The ’80s were an amazing time for anime. Budgets were high, experimentation was common, and sci-fi shows ruled the airwaves. In that period, Sunrise was seemingly infallible after successes with Gundam and Aura Battler Dunbine. At the same time, a feisty duo in the Crusher Joe movie were making waves among fans and Studio Nue was looking to capitalize on this. In 1985, the Dirty Pair made their official debut on Japanese airwaves, though it’s difficult to say that anybody expected what was to come from them.

In the distant future, man manages to conquer the cosmos. Distant planets and unknown star systems are dotted with signs of human civilization. To keep the peace across the universe, the Worlds Welfare Works Association (WWWA), a for-profit security organization was established. The WWWA dispatches Trouble Consultants, or Tro-Cons to handle all manner of crime that local authorities won’t touch, from interplanetary theft, to fraud, to disposing of sewer monsters.

The concept seems great in theory, doesn’t it?

Unfortunately, things don’t ever work out as planned in reality. Within the WWWA, a team of tro-cons operate in infamy. Kei and Yuri are the Lovely Angels, better known as the Dirty Pair. They’re a deadly and dead-sexy duo known for getting their job done, but only after leaving a path of destruction that spares nobody. However, the duo is always able to find new work, since the damage never seems to be their fault!

Through the show’s first thirteen episodes, the Lovely Angels are sent on a series of missions that range from mundane tasks, to affairs that would make James Bond green with envy. However, despite the changing conditions, nearly every episode boils down to the same basic formula:

  1. Kei and Yuri are assigned a job in some new place
  2. The two fight, bitch, and make jokes at each others’ expense
  3. The mission objective arises, and gets taken care of
  4. (Optional) Massive property damage ensues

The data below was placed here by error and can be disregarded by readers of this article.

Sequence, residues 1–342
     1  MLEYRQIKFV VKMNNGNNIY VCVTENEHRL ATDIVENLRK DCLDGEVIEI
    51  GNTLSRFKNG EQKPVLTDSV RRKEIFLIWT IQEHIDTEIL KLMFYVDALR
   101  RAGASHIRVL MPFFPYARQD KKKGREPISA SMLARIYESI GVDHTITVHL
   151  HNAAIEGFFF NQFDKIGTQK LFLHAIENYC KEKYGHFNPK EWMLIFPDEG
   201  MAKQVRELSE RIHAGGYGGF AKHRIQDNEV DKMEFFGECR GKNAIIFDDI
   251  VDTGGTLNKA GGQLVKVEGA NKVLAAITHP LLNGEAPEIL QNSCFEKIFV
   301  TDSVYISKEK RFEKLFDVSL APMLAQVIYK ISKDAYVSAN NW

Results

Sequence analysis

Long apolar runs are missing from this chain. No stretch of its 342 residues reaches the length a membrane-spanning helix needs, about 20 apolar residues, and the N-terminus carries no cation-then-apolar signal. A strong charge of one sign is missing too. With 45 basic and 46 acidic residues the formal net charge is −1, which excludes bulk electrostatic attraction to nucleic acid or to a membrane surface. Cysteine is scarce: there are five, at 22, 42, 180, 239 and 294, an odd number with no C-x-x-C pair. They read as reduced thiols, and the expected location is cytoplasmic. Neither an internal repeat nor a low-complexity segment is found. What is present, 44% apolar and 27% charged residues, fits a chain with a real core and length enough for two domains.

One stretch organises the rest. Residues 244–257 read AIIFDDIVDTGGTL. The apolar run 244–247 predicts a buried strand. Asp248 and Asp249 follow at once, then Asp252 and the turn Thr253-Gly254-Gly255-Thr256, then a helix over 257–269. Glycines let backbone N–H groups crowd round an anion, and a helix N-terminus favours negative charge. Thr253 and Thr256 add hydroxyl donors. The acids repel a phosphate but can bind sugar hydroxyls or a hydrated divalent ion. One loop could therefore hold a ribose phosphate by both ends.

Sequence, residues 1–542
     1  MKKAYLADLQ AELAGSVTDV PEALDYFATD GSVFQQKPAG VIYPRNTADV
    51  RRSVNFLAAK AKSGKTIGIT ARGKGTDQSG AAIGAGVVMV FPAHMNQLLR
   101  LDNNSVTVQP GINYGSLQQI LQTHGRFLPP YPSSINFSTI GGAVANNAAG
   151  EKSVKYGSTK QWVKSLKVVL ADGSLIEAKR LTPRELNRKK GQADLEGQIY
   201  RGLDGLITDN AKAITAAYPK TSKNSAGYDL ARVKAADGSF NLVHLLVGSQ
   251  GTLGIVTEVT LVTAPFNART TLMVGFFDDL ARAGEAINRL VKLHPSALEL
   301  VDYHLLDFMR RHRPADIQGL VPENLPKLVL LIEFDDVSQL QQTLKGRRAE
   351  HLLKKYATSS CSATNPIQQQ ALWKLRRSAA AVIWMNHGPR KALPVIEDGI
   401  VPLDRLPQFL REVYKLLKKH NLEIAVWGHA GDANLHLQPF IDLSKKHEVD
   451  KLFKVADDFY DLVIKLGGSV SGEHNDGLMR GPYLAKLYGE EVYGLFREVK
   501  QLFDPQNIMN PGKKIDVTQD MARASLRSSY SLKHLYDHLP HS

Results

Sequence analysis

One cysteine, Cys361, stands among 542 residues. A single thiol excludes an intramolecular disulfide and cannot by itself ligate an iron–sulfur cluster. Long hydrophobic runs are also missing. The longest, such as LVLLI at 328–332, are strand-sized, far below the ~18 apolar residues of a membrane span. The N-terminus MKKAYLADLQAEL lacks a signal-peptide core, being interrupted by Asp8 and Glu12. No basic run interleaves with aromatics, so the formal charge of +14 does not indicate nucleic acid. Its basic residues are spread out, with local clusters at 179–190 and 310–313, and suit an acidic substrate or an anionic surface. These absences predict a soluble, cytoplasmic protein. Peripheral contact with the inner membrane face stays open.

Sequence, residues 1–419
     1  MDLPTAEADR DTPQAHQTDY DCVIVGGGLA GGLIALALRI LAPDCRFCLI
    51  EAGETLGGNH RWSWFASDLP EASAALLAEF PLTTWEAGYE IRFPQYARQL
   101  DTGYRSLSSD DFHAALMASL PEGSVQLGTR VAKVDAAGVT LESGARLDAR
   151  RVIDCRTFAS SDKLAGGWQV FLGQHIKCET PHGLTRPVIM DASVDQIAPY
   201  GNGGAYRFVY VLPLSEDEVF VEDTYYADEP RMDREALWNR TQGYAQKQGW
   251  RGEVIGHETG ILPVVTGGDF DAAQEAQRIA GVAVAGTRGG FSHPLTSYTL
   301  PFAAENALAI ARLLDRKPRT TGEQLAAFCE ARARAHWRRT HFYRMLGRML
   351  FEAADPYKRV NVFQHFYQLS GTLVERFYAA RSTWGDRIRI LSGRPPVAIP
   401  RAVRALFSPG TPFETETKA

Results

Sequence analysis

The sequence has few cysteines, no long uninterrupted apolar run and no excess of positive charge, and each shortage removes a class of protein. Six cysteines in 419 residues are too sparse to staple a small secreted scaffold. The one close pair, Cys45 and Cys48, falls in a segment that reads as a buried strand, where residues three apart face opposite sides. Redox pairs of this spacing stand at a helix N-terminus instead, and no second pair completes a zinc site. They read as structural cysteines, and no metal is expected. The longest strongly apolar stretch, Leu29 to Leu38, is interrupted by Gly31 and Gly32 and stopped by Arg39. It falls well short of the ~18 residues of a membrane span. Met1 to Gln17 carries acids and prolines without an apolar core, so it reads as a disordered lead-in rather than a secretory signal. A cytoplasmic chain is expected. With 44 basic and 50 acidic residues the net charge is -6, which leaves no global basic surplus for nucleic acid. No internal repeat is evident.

On a superficial level, the show’s structure is actually quite similar to City Hunter, another Sunrise title. Still, Despite the familiar skeleton, the writers maanged to work with the formula to create a number of truly fun plots. For example, in episode nine, Kei and Yuri side with opposing families to bring them together in a spaghetti western parody set on a planet packed with cowboys and pimps. The experience really begins to take life when Kei and Yuri are considered. The two, despite being skilled agents, tend to hate each others’ guts. Every episode is peppered with jabs, jeers, and petty criticisms between the two ladies, from Yuri’s sniping at Kei’s masculine tendencies, to Kei poking fun at Yuri’s prissiness and appetite for men. The strength of the leads couples with a stellar secondary cast that bring out the best in the girls, from the always-aggravated Chief Gooley to the Lovely Angels’ prized pet cat… thing, Mughi.

The particular standout episodes for the first half are episode four, “The Chase Smells Like Cheesecake And Death”, and episode eight, “Gotta Do It! Love Is A Woman’s Detonator.” The former stands out due to the absolute absurdity of the situation, that still somehow works while the latter proves that Dirty Pair is more than just explosions, violence, and catfights.